Categories: Optics, Physics, Quantum mechanics.

Fermi’s golden rule

In quantum mechanics, Fermi’s golden rule expresses the transition rate between two states of a system, when a sinusoidal perturbation is applied at the resonance frequency $$\omega = E_g / \hbar$$ of the energy gap $$E_g$$. The main conclusion is that the rate is independent of time.

From time-dependent perturbation theory, we know that the transition probability for a particle in state $$\ket{a}$$ to go to $$\ket{b}$$ is as follows for a periodic perturbation at frequency $$\omega$$:

\begin{aligned} P_{ab} = \frac{|V_{ba}|^2}{\hbar^2} \frac{\sin^2\!\big((\omega_{ba} - \omega) t / 2\big)}{(\omega_{ba} - \omega)^2} \end{aligned}

Where $$\omega_{ba} \equiv (E_b - E_a) / \hbar$$. If we assume that $$\ket{b}$$ irreversibly absorbs an unlimited number of particles, then we can interpret $$P_{ab}$$ as the “amount” of the current particle that has transitioned since the last period $$2 \pi n / (\omega_{ba} \!-\! \omega)$$.

For generality, let $$E_b$$ be the center of a state continuum with width $$\Delta E$$. In that case, $$P_{ab}$$ must be modified as follows, where $$\rho(E_x)$$ is the destination’s density of states:

\begin{aligned} P_{ab} &= \frac{|V_{ba}|^2}{\hbar^2} \int_{E_b - \Delta E / 2}^{E_b + \Delta E / 2} \frac{\sin^2\!\big((\omega_{xa} - \omega) t / 2\big)}{(\omega_{xa} - \omega)^2} \:\rho(E_x) \dd{E_x} \end{aligned}

If $$E_b$$ is not in a continuum, then $$\rho(E_x) = \delta(E_x - E_b)$$. The integrand is a sharp sinc-function around $$E_x$$. For large $$t$$, it is so sharp that we can take out $$\rho(E_x)$$. In that case, we also simplify the integration limits. Then we substitute $$x \equiv (\omega_{xa}\!-\!\omega) / 2$$ to get:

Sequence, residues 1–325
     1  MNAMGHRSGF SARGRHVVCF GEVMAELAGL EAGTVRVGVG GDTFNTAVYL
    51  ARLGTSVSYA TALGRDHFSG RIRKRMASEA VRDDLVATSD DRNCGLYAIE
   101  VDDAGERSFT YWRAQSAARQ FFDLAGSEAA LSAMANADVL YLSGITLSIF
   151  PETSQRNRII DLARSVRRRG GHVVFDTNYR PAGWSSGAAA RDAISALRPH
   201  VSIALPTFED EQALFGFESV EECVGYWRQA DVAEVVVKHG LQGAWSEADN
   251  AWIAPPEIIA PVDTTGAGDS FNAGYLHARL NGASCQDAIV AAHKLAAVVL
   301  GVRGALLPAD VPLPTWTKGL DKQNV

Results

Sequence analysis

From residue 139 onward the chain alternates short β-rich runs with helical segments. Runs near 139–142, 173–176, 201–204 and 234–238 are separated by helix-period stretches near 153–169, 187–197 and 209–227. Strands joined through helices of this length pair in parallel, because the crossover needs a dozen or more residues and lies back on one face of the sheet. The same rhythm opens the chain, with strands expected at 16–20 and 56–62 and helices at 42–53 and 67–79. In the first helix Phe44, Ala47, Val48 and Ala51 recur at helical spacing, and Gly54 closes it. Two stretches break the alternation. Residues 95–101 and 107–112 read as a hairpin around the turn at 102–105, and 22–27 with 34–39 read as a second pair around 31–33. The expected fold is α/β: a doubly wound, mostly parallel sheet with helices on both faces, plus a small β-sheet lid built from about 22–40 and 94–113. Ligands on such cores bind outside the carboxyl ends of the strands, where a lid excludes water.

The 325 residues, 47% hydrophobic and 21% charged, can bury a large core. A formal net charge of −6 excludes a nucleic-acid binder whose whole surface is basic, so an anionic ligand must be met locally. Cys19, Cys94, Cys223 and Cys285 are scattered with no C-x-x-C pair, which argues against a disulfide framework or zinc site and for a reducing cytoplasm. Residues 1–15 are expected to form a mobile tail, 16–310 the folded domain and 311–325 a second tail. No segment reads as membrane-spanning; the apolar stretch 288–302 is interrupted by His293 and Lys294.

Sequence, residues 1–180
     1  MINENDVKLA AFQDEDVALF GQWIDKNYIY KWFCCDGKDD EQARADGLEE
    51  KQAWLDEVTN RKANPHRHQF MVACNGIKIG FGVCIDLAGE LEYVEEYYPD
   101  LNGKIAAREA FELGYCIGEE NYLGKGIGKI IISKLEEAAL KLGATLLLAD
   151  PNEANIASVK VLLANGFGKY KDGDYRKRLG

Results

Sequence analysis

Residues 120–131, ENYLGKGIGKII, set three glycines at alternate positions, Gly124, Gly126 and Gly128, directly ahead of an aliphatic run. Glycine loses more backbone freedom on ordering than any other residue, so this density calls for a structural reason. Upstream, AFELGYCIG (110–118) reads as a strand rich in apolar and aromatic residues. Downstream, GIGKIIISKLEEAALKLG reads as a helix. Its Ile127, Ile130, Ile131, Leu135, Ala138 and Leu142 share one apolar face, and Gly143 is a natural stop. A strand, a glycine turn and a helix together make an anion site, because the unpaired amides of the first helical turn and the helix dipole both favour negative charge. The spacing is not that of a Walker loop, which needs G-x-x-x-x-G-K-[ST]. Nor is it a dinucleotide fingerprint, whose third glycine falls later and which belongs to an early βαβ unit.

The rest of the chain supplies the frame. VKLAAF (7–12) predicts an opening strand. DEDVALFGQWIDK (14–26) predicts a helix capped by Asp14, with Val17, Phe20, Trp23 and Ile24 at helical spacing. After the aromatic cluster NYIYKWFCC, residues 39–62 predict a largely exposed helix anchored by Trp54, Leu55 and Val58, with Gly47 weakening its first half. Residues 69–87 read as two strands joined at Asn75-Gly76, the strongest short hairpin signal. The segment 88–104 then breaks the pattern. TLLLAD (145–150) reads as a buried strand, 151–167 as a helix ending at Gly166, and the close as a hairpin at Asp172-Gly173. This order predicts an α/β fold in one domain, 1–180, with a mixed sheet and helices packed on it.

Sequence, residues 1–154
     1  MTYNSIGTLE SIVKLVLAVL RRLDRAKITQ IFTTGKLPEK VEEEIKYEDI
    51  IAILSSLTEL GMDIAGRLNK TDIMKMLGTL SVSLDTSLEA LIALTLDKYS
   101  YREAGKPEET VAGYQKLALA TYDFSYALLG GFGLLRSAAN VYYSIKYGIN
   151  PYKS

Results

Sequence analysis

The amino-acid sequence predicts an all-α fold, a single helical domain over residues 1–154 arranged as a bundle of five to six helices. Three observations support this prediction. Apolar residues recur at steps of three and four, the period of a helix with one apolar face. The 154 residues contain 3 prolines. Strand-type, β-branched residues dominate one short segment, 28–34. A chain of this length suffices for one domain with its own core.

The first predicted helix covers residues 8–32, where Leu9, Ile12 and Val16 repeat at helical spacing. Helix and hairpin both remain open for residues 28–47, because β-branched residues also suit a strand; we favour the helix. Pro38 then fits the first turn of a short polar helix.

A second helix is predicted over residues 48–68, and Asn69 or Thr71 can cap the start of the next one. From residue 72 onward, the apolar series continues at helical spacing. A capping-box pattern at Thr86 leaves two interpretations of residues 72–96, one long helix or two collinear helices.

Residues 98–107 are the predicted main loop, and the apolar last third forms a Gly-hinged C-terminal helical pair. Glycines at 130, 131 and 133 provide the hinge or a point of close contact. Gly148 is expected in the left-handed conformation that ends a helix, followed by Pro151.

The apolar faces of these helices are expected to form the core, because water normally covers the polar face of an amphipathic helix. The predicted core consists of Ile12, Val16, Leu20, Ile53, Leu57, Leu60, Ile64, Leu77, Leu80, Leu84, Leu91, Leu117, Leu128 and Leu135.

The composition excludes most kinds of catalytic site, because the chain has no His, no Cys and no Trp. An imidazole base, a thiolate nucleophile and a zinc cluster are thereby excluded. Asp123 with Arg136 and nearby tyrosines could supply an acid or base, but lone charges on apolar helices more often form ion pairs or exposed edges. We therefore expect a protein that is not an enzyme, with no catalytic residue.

\begin{aligned} P_{ab} &\approx \frac{2}{\hbar} |V_{ba}|^2 \rho(E_b) \int_{-\infty}^\infty \frac{\sin^2(x t)}{x^2} \:dx \end{aligned}

This definite integral turns out to be $$\pi |t|$$, so we find, because clearly $$t > 0$$:

\begin{aligned} P_{ab} &= \frac{2 \pi}{\hbar} |V_{ba}|^2 \rho(E_b) \: t \end{aligned}

The transition rate $$R_{ab}$$, i.e. the number of particles per unit time, then takes this form:

\begin{aligned} \boxed{ R_{ab} = \pdv{P_{ab}}{t} = \frac{2 \pi}{\hbar} |V_{ba}|^2 \rho(E_b) } \end{aligned}

Note that the $$t$$-dependence has disappeared, and all that remains is a constant factor involving $$E_b = E_a \!+\! \hbar \omega$$, where $$\omega$$ is the resonance frequency.

1. D.J. Griffiths, D.F. Schroeter, Introduction to quantum mechanics, 3rd edition, Cambridge.

© Marcus R.A. Newman, a.k.a. "Prefetch". Available under CC BY-SA 4.0.